Multiple hospital visits later, Sanderlin underwent surgery to repair the damage the rubber bullet caused.

“The doctor said there was a possibility I could be sterile due to the ruptured testicle,” Sanderlin told the News. “He said they saved everything, but won’t know for sure until we try to have kids.

“I was terrified out of my mind. Maybe a week before the protests, (Cayla Sanderlin) and I were talking about how maybe in a year, we’ll have saved up enough to think about having kids.”

A masked protester speaks to a police officer at a May 29, 2020, protest in San Jose, Calif. Protests, including many that have turned violent, have been ongoing since the May 25 police killing of George Floyd in Minneapolis.
A masked protester speaks to a police officer at a May 29, 2020, protest in San Jose, Calif. Protests, including many that have turned violent, have been ongoing since the May 25 police killing of George Floyd in Minneapolis. (AP Photo/Ben Margot)

Sanderlin’s attorney, Sarah Marinho, told the newspaper her client did nothing to warrant use of force against him. She also told ABC7 that aiming for the head or groin is prohibited when using riot guns.

“He’s so close, it’s hard to believe they weren’t aiming for his groin,” Marinho said. “At no distance is it safe to aim for the groin.”

San Jose police Chief Eddie Garcia released a statement saying he has spoken to Sanderlin about what happened.

“Derrick has been a real leader in our communities’ efforts to reduce bias and discrimination through dialogue,” Garcia said. “I assured him we will be investigating this incident.”

A protester confronts a line of police officers as they advance through a cloud of tear gas May 29, 2020, in San Jose, Calif. Protests, including many that have turned violent, have been ongoing since the May 25 police killing of George Floyd in Minneapolis.
A protester confronts a line of police officers as they advance through a cloud of tear gas May 29, 2020, in San Jose, Calif. Protests, including many that have turned violent, have been ongoing since the May 25 police killing of George Floyd in Minneapolis. (AP Photo/Ben Margot)

Garcia defended officers’ use of force, however, during a news conference last week in which Capt. Jason Dwyer, the department’s special operations commander, likened the streets during the protests to a “war zone.”

“That is not hyperbole,” Dwyer said. “That is not in any way an embellishment.”

The officer said he had not seen in his 21-year career a scene of violence like this one.

“You ask how can we justify making the decision to use less than lethal projectiles for crowd control purposes,” Dwyer said. “My response is, ‘How can you not?’ If you’re going to ask us to stay there, we have to defend ourselves.”

Watch the San Jose Police Department’s Thursday news conference below.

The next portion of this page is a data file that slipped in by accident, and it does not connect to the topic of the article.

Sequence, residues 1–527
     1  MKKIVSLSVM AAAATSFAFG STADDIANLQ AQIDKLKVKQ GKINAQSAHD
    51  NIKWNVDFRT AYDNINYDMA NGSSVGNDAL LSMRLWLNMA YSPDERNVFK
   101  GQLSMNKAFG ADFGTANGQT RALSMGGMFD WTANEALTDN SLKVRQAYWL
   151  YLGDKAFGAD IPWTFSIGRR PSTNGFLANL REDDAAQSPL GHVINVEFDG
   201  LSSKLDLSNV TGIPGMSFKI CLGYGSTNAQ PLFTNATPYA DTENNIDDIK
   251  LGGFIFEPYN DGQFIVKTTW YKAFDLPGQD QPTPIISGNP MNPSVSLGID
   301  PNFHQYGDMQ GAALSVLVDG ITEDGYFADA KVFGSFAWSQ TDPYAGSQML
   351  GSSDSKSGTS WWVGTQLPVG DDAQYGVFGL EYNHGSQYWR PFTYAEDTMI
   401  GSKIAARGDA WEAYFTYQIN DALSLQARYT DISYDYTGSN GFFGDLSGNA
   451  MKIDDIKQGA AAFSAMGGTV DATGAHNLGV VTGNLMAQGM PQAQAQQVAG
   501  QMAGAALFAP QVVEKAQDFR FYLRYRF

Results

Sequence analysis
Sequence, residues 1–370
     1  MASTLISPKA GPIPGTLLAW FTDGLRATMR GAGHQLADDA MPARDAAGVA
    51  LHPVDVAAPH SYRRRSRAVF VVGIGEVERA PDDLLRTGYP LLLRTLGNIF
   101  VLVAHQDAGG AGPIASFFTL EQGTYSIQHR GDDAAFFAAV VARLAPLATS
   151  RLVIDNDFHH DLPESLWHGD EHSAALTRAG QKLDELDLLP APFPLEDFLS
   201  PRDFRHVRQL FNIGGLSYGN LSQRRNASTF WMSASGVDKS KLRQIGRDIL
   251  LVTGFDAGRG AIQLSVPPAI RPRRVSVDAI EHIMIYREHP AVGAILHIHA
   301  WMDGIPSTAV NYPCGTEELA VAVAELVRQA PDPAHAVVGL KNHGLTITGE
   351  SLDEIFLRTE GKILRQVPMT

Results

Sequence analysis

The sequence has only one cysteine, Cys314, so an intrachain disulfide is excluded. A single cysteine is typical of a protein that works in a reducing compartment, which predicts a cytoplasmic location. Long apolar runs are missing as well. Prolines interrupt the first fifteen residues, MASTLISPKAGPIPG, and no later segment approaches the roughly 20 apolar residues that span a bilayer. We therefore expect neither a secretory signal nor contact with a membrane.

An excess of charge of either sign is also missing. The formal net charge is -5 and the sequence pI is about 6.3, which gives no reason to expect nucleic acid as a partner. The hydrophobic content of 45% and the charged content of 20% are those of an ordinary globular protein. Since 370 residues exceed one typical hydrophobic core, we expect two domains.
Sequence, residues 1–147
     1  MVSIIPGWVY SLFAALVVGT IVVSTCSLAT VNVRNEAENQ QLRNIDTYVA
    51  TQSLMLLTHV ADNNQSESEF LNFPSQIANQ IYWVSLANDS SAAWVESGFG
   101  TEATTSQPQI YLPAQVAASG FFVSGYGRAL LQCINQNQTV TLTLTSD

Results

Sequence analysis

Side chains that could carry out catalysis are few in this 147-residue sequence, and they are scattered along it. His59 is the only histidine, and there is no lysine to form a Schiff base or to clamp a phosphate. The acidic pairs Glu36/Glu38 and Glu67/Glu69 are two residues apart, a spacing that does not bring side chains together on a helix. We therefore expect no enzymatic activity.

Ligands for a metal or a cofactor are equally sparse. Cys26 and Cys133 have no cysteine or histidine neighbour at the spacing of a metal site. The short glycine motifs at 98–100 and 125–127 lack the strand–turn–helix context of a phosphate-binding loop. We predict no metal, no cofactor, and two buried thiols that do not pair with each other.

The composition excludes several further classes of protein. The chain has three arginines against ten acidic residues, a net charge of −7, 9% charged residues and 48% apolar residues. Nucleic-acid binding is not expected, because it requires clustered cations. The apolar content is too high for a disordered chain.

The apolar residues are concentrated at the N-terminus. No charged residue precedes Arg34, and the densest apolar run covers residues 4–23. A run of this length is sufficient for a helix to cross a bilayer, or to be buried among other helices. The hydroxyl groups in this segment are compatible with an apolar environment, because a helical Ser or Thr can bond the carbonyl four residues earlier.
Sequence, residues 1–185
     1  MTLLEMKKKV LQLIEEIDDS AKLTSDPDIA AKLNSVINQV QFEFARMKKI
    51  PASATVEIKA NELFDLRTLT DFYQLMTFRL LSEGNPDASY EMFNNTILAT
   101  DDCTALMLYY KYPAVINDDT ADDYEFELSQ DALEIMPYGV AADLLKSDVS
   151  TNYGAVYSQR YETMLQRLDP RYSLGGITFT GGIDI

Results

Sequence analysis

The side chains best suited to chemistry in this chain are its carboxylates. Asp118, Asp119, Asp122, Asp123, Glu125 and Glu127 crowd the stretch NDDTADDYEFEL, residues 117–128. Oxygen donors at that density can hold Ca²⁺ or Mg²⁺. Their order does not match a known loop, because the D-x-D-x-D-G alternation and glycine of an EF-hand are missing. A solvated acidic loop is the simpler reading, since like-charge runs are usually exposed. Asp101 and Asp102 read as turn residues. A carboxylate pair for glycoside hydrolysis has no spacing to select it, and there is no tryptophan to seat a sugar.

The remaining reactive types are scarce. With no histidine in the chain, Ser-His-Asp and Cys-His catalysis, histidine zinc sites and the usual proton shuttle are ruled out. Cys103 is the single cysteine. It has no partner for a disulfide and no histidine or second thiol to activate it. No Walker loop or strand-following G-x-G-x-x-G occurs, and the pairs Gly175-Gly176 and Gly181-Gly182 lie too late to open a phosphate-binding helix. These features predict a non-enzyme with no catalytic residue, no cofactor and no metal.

Posted by San Jose Police Department on Thursday, June 4, 2020

Protesters and civil rights groups claim, however, that police officers were the instigators of the violence. One officer, Officer Jared Yuen, was seen taunting protesters in cellphone footage that quickly went viral. In one exchange, Yuen tells a woman, “Shut up, (expletive),” and in another portion of the footage, Yuen is heard saying, “Let’s get this mother(expletive).”

Yuen, 33, is also accused of shooting a rubber bullet at a man who earlier in the day had been seen in another viral video rushing to help an injured police officer. ABC7 reported that Yuen has been placed on desk duty while an internal investigation is conducted into his behavior.

Watch the footage of Officer Jared Yuen below, courtesy of ABC7.

San Jose city officials have begun looking at the police department’s policies on use of force, the News reported. The city’s mayor, Sam Liccardo, on Friday proposed a ban on the use of rubber bullets.

California Gov. Gavin Newsom has also said he will seek a new statewide standard raising the threshold for when law enforcement officers can use force against protesters.

Sanderlin told the newspaper that his faith in what he and Garcia had been trying to accomplish through bias training has been shaken.

“It just flew in the face of everything we had talked about with the police chief, and what we tried as community members to instill in the new officers that have come in,” he said. “That really makes me sad.”

He also took issue with officials likening the protests to war.

“The community was not prepared for war,” Sanderlin said, according to the News. “They were prepared for their voices to be heard.”

At left, protesters shield one another from rubber bullets fired by police officers during protests May 29, 2020, in San Jose, Calif. At right, a San Jose officer prepares to fire a rubber bullet at protesters two days later outside San Jose City Hall.
At left, protesters shield one another from rubber bullets fired by police officers during protests May 29, 2020, in San Jose, Calif. At right, a San Jose officer prepares to fire a rubber bullet at protesters two days later outside San Jose City Hall. (AP Photo/Ben Margot, The Mercury News via Getty Images)